It Takes A Village To Raise A Minister

By Matt Sapp

By Matt Sapp

It takes a village to raise a minister. Transitions are natural times for reflection, so as I’ve packed up books and files this week to get ready to move from one church to another, I’ve been reminded of how fortunate I am to be surrounded by the people who support me. I have a pretty great village.

Books on my shelves, now in boxes, remind me of college professors whose classroom lectures changed my life--people who were passionate about the things I was passionate about and who awakened new passions within me.

I've packed away papers that remind me of seminary professors whose critique and editing of my writing showed careful attention to my work and encouraged me in my thinking and study.  

I ran across a file from Professor Peter Rhea Jones who offered this advice on my first day of seminary: When someone offers you any chance, however small, to preach or teach, say yes if you can. I took his advice to heart and it has been invaluable.

It takes a village to raise a minister.

This week, I packed up a ministerial robe that was given to me by minister and mentor George McCune. I met him at Wieuca Road Baptist Church. He's passed away now, but he used to take me to lunch, write me notes, and call me on the phone just to say how much he appreciated me and that he was praying for me.

Later, when I moved to Canton and doctor’s appointments brought him my way, he would call to let me know he would be in town and come by just to say hello. During my first few months at HERITAGE he and I stood alone one morning in the sanctuary and he prayed over me and for my ministry. It was holy moment.

His profound faith and deep spirituality left a mark on me. I’m proud to wear his robe.

The robe still hangs from a Muse’s hanger, which lets me know that it was ordered and altered by George Henry. I never knew Mr. Henry, but his children and grandchildren continue to be important parts of my village, and I remember them, too, every time I put my robe on.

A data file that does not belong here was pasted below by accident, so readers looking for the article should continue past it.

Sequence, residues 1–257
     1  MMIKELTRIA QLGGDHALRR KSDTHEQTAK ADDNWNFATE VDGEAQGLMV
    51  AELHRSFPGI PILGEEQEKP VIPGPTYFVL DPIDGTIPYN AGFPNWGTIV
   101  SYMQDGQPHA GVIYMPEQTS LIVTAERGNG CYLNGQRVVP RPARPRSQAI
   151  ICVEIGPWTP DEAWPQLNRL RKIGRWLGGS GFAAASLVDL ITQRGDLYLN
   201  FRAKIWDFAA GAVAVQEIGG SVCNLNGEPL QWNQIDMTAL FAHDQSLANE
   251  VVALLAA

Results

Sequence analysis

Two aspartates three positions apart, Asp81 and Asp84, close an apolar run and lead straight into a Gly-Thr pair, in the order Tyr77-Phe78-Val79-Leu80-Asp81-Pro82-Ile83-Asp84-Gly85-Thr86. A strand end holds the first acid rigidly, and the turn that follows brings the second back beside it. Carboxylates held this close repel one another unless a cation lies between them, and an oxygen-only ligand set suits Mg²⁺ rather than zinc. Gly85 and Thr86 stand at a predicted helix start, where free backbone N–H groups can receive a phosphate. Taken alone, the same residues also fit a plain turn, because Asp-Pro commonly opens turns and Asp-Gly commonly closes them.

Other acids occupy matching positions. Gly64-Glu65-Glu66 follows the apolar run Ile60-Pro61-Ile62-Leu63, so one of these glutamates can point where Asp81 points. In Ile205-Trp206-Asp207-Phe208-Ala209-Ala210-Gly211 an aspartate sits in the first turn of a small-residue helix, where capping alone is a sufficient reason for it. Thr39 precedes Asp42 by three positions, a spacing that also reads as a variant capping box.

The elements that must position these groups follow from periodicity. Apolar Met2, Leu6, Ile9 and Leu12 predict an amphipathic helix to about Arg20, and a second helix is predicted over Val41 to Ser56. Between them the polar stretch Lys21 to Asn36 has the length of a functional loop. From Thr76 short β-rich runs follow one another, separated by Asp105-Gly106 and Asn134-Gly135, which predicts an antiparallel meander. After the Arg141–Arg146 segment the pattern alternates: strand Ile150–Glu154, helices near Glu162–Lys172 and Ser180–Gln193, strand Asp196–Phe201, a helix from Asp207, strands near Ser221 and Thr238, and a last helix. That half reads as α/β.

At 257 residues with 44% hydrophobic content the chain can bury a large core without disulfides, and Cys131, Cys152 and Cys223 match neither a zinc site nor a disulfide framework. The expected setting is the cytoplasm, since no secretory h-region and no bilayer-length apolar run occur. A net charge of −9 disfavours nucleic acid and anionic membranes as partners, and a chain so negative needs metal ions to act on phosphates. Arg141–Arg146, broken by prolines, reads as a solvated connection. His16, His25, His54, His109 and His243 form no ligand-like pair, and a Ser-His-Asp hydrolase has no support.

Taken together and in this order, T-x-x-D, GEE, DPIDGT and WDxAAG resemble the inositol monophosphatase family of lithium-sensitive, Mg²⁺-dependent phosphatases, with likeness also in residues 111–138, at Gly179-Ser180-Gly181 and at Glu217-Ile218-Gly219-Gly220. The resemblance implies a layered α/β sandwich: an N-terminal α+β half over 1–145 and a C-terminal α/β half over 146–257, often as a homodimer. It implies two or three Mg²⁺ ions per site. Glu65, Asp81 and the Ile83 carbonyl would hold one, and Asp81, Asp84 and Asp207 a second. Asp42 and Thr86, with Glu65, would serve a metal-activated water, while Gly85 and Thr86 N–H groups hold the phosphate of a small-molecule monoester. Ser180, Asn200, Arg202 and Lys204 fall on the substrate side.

Before Rev. McCune offered me his robe I was fortunate enough to wear the robe of Oliver Wilbanks, the late father of my mentor and former boss, Mark Wilbanks. As the associate pastor at Wieuca Road Baptist Church, Rev. Wilbanks wore that robe to marry half of Buckhead, GA in the 1970s.   

To have worn the robes of great men and ministers like Rev. Wilbanks and Rev. McCune makes me feel ten feet tall and very lucky.

It takes a village to raise a minister.

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As I've packed up my office I’ve seen gifts and notes from long-time family friends who in different ways and at different times have been great encouragers to me.

I’ve been reminded of friends from childhood, high school and college whose continued interest in my work and ministry provides a steady drip of encouragement that keeps me going.

I've remembered those who regularly encourage my writing and preaching by reading and listening—family members, friends, partners in ministry and fellow travelers now scattered across the globe.

It takes a village to raise a minister.

I've thought of all the people who have been patient with me as I found my way, who nurtured and taught me, and whose examples of leadership continue to make me a better minister.

I've paused to be grateful for my peers in ministry who invest in me by taking the time to listen, encourage, support and advise—and who provide a necessary outlet for laughter and commiseration!

And, I've thought, of course, of family. My wife and her family. My parents, my brother, my sister-in-law. Cousins and aunts and uncles.

It takes a village to raise a minster.

The one group of people I haven’t mentioned so far is my current church. There is no single group of people more important to my formation as a pastor than the people of HERITAGE Fellowship. In a thousand ways, large and small, the care and love of HERITAGE has formed me.

I can say without exaggeration that each member at HERITAGE has shaped me in a unique and specific way--so much so that to mention even one person by name would force me to mention them all.

It takes a village to raise a minister.

As I reflect on my village, I have a question for you: Who is in your village and when have you last paused to be thankful for them?

And even more importantly, how can you be a part of someone else’s village?

The most remarkable thing about the influence that so many important people have had on my life is how meaningful seemingly small gestures of encouragement have been to me.

There is no such thing as an insignificant act of kindness.

Never underestimate your ability to change a life. Today I’m grateful for the village of people who have changed mine.

It takes a village to raise a minister.

See you Sunday.